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While Ashok keeps telling his various victims to ‘keep it simple’, he himself makes things incredibly complicated by kidnapping Arjun and using threats against Anita to force Arjun’s compliance.  The first half keeps the thrills coming as Arjun attempts to escape and inform Inspector Prakash about Ashok and his criminal activities while trying not to endanger his girlfriend.

But of course that’s only part of the story and the second half involves a long flashback where Ashok’s motives are explained and suddenly the tables are turned.  The fast pace of the first half isn’t maintained and the film slows down considerably in the second, but there are still some good action sequences including a shoot-out sequence with Ashok’s old partner Sanjay (Rana Daggubati) and a high speed boat chase in Dubai.

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Ajith is in his element here and writer/director Vishnu Vardhan has kept Ashok’s character deliberately ambivalent while making sure he has plenty of charisma and charm.  Ashok punctuates the end of his sentences by putting on his sunnies (which at least lets you know the conversation is over), and he is always über cool and classy despite his terrorist activities.  The relationship between Ajith and Arya also works well although the sequences with Rana and Ajith stand out as some of the best in the film.  The camaraderie between the two actors feels very genuine and it’s easy to believe that they are long term friends and partners with their teasing banter and rapport during police operations.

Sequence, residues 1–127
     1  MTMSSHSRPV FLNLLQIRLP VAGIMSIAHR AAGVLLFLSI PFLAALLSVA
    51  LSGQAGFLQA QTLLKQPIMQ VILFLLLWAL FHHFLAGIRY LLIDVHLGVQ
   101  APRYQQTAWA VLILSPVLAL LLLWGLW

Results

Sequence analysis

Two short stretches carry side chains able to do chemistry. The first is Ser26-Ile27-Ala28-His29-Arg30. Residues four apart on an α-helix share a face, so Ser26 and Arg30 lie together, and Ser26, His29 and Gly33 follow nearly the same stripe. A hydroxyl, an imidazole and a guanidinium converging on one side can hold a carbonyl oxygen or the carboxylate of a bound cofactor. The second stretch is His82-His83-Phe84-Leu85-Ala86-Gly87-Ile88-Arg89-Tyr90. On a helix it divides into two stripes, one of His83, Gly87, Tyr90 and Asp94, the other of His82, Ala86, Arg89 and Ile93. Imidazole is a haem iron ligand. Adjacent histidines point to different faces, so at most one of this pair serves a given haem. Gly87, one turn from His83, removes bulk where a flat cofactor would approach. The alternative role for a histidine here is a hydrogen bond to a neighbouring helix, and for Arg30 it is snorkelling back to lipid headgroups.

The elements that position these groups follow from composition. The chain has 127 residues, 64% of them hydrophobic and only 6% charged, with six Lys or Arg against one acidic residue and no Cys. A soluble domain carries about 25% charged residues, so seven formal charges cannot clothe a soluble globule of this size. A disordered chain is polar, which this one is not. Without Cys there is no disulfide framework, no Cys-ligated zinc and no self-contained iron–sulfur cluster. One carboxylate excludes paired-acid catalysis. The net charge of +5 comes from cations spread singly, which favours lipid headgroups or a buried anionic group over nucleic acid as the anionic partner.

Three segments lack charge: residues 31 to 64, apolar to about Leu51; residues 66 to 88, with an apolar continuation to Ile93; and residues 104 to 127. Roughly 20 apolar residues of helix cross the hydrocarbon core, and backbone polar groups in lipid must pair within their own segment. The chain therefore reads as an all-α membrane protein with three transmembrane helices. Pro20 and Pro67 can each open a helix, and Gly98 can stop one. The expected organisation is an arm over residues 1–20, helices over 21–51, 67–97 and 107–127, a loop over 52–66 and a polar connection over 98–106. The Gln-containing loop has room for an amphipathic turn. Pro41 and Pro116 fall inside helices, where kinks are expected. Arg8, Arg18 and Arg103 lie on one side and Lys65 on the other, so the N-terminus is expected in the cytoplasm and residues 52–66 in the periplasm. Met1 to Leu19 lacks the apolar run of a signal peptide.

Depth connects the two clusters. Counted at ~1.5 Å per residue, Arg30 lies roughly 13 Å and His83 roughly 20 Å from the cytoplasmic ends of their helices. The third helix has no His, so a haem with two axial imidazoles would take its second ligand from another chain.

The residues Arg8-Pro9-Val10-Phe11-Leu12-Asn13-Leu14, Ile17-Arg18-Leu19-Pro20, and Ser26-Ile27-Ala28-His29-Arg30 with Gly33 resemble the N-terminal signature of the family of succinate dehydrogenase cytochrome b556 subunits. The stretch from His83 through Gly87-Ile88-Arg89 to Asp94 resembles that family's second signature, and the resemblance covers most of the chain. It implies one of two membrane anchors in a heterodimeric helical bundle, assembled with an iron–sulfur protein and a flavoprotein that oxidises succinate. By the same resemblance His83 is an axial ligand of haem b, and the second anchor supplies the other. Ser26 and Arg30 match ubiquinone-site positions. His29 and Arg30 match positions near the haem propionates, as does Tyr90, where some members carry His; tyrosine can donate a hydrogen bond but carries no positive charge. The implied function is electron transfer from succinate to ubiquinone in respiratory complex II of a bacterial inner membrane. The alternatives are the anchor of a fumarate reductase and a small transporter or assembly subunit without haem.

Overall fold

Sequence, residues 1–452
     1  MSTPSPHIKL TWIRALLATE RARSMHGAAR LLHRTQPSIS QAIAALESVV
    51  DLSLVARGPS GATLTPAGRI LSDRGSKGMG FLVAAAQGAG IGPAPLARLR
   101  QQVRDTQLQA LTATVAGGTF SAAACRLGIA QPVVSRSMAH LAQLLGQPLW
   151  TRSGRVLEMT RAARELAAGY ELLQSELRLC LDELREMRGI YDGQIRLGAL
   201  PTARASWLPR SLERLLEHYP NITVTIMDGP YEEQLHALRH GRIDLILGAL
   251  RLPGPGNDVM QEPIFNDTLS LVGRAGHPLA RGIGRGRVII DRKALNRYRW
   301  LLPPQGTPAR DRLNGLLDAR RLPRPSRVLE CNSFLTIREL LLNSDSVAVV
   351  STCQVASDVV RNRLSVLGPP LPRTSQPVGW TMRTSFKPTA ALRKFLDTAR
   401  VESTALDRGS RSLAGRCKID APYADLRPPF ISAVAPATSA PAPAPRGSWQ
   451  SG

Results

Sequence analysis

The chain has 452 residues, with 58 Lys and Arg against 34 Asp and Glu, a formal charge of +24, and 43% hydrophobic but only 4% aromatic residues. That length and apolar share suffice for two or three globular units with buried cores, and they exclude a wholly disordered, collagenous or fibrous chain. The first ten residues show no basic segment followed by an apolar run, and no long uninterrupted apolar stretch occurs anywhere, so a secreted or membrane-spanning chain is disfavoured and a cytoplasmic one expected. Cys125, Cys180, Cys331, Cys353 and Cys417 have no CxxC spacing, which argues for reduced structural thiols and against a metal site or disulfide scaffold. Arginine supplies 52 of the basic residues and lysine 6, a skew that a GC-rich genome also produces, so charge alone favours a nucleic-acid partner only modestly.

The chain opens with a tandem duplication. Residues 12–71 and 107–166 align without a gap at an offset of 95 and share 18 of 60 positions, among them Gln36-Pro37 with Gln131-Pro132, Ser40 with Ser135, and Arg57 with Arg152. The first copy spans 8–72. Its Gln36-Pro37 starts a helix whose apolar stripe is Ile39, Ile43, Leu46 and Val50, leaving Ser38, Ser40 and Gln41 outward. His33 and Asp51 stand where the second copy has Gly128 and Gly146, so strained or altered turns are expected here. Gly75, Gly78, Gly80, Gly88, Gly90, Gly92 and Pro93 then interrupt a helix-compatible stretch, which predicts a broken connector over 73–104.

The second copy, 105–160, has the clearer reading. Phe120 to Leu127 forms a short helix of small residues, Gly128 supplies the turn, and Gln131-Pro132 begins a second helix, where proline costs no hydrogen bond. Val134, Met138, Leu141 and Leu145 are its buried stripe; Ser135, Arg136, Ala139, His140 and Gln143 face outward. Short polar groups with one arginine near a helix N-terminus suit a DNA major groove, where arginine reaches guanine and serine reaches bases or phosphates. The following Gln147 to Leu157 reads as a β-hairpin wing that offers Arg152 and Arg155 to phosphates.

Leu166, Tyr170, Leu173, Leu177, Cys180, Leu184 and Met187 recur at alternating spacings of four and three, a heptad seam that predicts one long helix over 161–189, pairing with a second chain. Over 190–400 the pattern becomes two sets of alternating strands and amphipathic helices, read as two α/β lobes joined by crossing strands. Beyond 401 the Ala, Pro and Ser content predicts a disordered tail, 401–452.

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While Taapsee really is the drama queen the corrupt Home Minister Rane (Mahesh Manjrekar) describes, many of the other female roles have a strong presence.  Nayanthara gets to threaten, bluster and fight in many of her scenes and does an excellent job, keeping her fight sequences realistic and looking suitably athletic to carry it all off, while Suman Ranganathan is also very good in her small role.  I’m always happy to see Atul Kulkarni pop up although his role as the chief of police doesn’t really give him much scope here, and the rest of the supporting cast are equally kept mainly in the background.  Although I like Yuvan Shankar Raja’s soundtrack, the songs don’t work well in the film mainly because they disrupt the flow of the story. The item song featuring Akshara Gowda is particularly painful and seems completely pointless since it really doesn’t suit her character of the home minister’s daughter at all.  I don’t think that such a fast paced action thriller needs any songs other than the background score but at least the Holi song had more energy and made a little more sense in the context of the story.

Overall, I really enjoyed Arrambam.  It’s fast paced, slick and stylish with plenty of action and I loved that one of the female characters was involved in the mayhem too. You go girl! The excitement and tension of the first half isn’t sustained through the second, but with Rana added in to the mix the action is still full on. Worth watching for Ajith and Arya as long as you can ignore the lack of logic and just sit back and enjoy the ride!